Supporters say it was the 9/11 terrorist attacks that inspired the “Check 21” law allowing banks to exchange data instead of paper checks. That means, starting Oct. 28, checks will clear much more quickly. They will also bounce much more quickly, for those without money in their accounts equal to the amount they’re paying.

Why 9/11? Because the attacks froze transit in the United States, making the shuffling of paper checks around the country much more difficult. And that hurt commerce.

But there’s something else working behind Check 21, officially known as the Check Clearing for the 21st Century Act: It allows banks to hire fewer people, sell check-processing facilities — including the magnificent old building in Porter Square that until recently served that purpose for Cambridge Savings Bank — and work more efficiently. It also allows allows banks to rake in cash in those bounced-check fees, up to $30 each. As the Boston Herald puts it:

By mid-2005, consumers could be bouncing 7 million more checks annually and paying an additional $170 million in fees each month, according to a banking industry source.

The newspaper also quotes Bruce Spitzer, spokesman for the Massachusetts Bankers Association, sternly warning customers not to try to “float” checks, or write them hoping to get enough money into a bank account to cover them before they’re cashed.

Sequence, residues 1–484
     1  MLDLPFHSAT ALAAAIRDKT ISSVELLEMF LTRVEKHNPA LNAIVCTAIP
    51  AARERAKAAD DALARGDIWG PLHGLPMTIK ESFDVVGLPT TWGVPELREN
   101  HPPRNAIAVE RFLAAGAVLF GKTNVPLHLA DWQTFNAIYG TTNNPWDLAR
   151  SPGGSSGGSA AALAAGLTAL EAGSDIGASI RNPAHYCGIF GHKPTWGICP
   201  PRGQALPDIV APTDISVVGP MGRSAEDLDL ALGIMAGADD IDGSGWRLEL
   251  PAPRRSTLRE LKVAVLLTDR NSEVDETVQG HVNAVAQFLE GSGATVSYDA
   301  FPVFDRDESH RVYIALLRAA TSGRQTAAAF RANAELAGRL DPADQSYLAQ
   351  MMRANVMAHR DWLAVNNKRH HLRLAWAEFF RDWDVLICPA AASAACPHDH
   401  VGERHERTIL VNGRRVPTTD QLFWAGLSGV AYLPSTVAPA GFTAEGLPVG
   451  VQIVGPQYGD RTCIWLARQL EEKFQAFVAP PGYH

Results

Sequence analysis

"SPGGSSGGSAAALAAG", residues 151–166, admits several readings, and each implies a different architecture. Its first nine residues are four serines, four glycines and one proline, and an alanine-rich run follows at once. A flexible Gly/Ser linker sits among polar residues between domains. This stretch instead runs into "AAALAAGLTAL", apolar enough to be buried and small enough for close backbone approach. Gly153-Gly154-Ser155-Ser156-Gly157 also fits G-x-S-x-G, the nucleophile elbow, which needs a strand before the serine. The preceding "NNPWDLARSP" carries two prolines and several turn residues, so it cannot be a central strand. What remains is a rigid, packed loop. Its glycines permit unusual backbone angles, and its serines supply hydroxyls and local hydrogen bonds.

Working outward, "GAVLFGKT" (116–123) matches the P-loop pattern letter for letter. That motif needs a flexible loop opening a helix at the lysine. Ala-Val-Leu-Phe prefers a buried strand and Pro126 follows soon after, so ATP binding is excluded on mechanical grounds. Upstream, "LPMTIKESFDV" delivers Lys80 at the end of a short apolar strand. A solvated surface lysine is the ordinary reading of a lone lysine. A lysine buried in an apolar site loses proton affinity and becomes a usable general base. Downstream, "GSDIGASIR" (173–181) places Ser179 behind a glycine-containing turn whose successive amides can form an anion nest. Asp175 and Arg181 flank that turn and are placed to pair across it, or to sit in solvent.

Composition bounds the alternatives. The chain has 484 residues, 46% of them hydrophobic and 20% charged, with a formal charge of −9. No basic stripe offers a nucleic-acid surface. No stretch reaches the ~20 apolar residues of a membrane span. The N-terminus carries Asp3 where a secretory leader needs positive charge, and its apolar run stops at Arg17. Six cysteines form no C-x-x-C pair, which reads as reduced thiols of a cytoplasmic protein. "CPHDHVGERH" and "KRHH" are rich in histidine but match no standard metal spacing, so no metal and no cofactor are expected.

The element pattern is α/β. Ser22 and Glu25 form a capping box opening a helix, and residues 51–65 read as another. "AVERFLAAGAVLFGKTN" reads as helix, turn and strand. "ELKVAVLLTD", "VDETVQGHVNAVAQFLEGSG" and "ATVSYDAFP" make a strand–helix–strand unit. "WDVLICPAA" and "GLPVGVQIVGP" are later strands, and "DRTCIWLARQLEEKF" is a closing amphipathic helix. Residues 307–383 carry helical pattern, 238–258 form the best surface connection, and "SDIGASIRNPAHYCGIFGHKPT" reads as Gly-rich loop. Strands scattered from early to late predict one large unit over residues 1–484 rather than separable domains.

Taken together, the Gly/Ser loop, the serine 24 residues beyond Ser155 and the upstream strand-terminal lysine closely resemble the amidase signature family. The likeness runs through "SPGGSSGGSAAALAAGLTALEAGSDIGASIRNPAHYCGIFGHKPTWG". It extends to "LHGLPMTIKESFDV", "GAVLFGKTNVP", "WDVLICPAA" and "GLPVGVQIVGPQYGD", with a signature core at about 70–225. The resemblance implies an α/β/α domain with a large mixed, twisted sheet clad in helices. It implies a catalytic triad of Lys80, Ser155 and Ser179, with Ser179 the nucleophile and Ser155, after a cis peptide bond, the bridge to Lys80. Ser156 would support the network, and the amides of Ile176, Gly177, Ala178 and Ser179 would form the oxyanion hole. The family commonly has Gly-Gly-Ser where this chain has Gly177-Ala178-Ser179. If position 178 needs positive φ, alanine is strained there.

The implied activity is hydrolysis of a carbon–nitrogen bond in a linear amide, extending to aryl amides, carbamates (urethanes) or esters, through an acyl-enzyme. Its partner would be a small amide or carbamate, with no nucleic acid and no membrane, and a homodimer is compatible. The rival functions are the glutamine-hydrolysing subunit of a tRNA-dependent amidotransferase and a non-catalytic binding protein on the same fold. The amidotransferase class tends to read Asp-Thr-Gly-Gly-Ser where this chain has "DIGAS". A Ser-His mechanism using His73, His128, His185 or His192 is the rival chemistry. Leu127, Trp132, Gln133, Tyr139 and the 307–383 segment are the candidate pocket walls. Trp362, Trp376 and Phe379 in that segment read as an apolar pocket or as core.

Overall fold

“Don’t play the float. The float has never been legal, it’s fraud,” Spitzer says, as though there are cadres of con artists out there purposely keeping their checking accounts low just for kicks.

The Herald article fails to ask why check bouncing fees are as high as $30 and will stay at current levels, despite the increased efficiency and cost savings from electronic data transfer. (Banks, by the way, get to keep customers’ money just as long as before, raking in even more benefit.) Congress similarly failed to demand, in passing Check 21 into law, that banks lower their bounced-check fees.

So the poorest among us, who already have trouble keeping enough money in their accounts to cover their checks, will get hit harder. Who is looking out for them? When will this country stop helping industry reward its richest and strike at its most vulnerable, especially as computerization means more and more people out of jobs?

The country is also writing some checks it can’t cash, and the bounce fee is going to suck.